Guest Blog by Iolanda Principe
An Italian soup tureen, a Pagnossin Treviso vintage ironstone ‘zuppiera’, which my home has inherited doesn’t yet have a worthy resting place but I imagine it will settle as my grief also settles…
My Mamma Rosina brought this tureen with her from Italy in 1963, having had it in her family for more than one generation. My childhood memory of it was how it came out on special occasions brimming with either stracciatella or beef broth with meatballs. I hadn’t seen it or thought about it for decades. Imperfect from time and use, it is still pleasantly attractive with its simple, elegant design – quite unlike some of the vintage designs (or even modern ones) seemingly enjoyed by my fellow countryfolk!
My best memory of it though was how the now faded pastel sketchy roses inspired my love of drawing as I tried to copy them endlessly. I was particularly excited also by the cherub logo on the underside of the tureen. To this day I have a love of angels and Gods with winged feet. As I’m out of touch with contemporary earthenware, I was surprised and delighted to discover that Pagnossin is still in business coming up to a century, with delightful and colourful present-day offerings.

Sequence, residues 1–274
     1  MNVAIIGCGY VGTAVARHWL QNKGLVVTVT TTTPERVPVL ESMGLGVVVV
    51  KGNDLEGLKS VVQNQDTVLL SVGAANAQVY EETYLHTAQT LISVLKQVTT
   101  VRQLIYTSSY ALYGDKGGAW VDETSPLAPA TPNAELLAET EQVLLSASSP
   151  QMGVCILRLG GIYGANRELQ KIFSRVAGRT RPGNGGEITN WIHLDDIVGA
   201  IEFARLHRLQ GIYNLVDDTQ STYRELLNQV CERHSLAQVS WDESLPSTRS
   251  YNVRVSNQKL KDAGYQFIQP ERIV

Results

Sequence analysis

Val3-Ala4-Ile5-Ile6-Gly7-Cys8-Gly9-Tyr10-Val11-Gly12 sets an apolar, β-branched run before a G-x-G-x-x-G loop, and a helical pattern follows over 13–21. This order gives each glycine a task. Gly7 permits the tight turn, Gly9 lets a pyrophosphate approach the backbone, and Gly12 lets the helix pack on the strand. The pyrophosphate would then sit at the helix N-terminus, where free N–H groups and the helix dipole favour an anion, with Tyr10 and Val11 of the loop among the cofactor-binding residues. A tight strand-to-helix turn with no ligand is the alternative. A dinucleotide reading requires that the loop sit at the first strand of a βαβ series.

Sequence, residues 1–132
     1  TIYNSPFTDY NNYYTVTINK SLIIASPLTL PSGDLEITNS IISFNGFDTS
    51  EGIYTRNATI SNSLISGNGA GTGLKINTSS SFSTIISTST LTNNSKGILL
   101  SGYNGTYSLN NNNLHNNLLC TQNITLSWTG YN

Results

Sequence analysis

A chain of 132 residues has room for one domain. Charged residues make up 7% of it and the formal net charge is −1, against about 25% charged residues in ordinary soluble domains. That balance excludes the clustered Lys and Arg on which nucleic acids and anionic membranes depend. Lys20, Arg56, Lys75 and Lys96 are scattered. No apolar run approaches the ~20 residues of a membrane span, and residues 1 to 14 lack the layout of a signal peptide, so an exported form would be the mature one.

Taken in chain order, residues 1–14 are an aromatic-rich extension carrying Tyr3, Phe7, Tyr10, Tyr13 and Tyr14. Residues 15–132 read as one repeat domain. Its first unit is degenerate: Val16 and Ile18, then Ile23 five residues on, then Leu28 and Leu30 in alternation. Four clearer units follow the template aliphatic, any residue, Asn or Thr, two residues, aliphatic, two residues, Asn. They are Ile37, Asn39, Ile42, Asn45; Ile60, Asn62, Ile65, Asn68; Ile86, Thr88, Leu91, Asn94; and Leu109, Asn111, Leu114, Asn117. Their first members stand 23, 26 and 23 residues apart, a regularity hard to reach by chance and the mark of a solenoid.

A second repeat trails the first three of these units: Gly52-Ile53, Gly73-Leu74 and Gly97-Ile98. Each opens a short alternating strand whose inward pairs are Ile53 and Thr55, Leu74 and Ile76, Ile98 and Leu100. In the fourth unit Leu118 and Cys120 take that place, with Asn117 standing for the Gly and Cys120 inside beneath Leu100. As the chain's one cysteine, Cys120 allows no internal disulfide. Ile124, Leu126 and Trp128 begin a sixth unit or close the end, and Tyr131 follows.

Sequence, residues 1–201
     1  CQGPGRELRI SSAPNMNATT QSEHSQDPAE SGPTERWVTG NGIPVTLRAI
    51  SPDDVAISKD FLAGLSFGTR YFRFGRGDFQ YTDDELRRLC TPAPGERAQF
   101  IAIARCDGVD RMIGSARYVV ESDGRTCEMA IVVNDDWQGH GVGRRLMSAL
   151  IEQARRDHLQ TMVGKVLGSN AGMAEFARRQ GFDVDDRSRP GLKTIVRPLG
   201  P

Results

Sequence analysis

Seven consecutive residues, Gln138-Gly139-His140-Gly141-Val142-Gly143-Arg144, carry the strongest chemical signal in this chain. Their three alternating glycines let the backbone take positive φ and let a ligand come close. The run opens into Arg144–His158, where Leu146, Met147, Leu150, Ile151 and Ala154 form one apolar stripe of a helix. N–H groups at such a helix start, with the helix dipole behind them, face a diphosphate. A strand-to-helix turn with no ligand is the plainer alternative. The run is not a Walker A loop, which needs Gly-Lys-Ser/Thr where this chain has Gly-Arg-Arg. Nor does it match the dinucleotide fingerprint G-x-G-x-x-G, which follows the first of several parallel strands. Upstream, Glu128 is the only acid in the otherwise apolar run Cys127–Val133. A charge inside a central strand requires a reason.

The passing of my mother came abruptly and caught me completely off-guard, despite her advancing years and my regular presence in her life. Neither gave me reliable forewarning. I was then caught in a downward spiral of regret and longing. Although dismissingly unsentimental about objects, I now find myself clinging to what has been left behind. Had I listened carefully enough to all her stories? What did I really know about her? Did I know the history of every precious belonging? She loved and took strength from her modest home and believed she was bestowed with the greatest wealth – her love for family, her faith, her culture and the representations of each in her home and bountiful garden, all of which had kept her company during the loneliest phase of her life.
Anyway, the tureen will proudly find a permanent place in my home, as will the crocheted fine cotton bed linen trim made by my Zia Iolanda – my namesake aunt who raised my father when he was orphaned. The delicate handiwork of more than one hundred years old was treasured by my mother who, shortly before her death, told its story to her women’s community group ‘Noi Donne’. A hand-made linen trim…I could be mistaken but that is something that has not had purpose or popularity for a very long time and probably never will again. It doesn’t matter. It was only ever meant to be admired and loved, like those we hold dear.
Dr Iolanda Principe is a consultant and researcher on health services, information and communication services and access and equity for vulnerable populations.